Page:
Some "quick and dirty" answers:
Host: The machine that is hosting IIS (can be a physical machine or a virtual machine).
Site: A website that is not the child of another site.
Web Application: A website. Usually if they are referred to as "web applications" then they are very data driven and it is not a static site.
Application Directory: Essentially a child website. It can have its own application pool, but settings can also be inherited from the parent website (HTTP handlers and HTTP modules for example). You didn't specifically ask about this one, but I added it as it may have been what you meant by "Web Application".
Virtual Directory: A directory of a website that has a physical location that is different than the website itself. One common use for this is to have a web farm, but some of the content is located on a shared resource (such as a SAN or NAS). This prevents the need of replicating files between all servers of a web farm. There are other purposes of a virtual directory, but this is the main reason I've used them in the past.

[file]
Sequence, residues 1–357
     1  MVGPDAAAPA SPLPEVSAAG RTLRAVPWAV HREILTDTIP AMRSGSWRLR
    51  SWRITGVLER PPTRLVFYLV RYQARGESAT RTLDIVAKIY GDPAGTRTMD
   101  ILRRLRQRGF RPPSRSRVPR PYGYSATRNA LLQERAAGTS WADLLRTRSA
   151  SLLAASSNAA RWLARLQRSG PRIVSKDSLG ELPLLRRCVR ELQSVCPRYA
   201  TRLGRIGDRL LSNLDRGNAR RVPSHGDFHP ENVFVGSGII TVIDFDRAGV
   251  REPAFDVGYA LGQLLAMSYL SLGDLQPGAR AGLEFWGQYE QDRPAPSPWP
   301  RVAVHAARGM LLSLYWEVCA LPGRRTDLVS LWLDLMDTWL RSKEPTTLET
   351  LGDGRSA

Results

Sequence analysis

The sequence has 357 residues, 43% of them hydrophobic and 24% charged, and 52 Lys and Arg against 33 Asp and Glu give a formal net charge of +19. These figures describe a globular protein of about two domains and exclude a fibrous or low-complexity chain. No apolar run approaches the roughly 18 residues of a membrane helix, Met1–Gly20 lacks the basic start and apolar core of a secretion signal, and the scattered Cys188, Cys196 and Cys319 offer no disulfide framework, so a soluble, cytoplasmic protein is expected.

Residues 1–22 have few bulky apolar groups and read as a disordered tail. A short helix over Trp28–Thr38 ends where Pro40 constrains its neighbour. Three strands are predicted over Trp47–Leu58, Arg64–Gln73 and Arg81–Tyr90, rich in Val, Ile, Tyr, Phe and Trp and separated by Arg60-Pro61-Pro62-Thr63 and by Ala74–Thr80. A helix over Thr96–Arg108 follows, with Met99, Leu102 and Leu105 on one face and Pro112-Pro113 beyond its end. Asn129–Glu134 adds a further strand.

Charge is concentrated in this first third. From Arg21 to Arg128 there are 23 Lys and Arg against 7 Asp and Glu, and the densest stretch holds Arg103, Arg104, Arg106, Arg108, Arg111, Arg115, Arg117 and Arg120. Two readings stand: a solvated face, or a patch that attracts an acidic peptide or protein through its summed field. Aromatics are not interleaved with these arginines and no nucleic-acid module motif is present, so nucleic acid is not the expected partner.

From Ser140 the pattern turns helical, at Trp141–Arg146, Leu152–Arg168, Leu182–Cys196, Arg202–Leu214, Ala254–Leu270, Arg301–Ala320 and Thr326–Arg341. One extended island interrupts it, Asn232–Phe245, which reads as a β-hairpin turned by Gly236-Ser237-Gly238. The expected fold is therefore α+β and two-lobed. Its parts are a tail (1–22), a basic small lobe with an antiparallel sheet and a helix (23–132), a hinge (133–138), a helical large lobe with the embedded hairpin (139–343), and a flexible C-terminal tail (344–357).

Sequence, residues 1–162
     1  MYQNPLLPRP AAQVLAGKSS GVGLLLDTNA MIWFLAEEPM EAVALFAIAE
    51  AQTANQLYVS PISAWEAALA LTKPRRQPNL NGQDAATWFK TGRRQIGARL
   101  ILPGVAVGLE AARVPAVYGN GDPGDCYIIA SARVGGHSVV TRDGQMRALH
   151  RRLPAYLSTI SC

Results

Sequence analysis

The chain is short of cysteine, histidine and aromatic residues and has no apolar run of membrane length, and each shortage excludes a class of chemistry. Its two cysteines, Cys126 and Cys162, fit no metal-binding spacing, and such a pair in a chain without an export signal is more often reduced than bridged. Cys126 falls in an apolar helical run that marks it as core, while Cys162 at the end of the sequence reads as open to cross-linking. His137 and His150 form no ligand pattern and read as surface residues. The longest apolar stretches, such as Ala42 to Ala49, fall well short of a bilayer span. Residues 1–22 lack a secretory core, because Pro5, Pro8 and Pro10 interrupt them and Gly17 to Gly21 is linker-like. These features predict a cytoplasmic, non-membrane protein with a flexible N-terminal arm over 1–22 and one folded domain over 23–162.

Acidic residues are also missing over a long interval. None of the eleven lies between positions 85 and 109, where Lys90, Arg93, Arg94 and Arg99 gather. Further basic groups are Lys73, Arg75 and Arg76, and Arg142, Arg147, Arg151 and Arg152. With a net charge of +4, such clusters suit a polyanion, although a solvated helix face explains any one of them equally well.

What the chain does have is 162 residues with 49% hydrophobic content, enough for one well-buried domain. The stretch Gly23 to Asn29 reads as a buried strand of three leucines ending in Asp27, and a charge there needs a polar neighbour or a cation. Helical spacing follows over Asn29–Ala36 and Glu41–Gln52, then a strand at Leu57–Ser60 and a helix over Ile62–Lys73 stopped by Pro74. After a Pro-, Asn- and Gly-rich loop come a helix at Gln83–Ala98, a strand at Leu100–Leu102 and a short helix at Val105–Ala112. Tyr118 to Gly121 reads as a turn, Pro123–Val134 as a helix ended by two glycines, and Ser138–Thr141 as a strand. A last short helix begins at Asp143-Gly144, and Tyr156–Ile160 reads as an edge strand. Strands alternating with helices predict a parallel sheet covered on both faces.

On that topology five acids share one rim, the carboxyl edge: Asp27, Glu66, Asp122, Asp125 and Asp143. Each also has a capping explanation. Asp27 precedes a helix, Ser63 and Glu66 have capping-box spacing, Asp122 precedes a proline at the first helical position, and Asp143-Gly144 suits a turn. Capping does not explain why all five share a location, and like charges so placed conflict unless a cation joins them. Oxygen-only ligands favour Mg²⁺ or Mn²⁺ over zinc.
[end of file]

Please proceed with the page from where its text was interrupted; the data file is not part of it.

Application Pool: The process that a .NET application runs as. This may be used by things over than .NET, but that's the only piece I know that currently uses application pools. Essentially this holds the user and other information that the .NET application runs under. For instance, if you are using a trusted connection to SQL Server (SSPI), then by default, the user it will connect to the database as the user that this process is running as (unless you have impersonation in the web application set). This is also the user that will be used if the web application accesses system resources.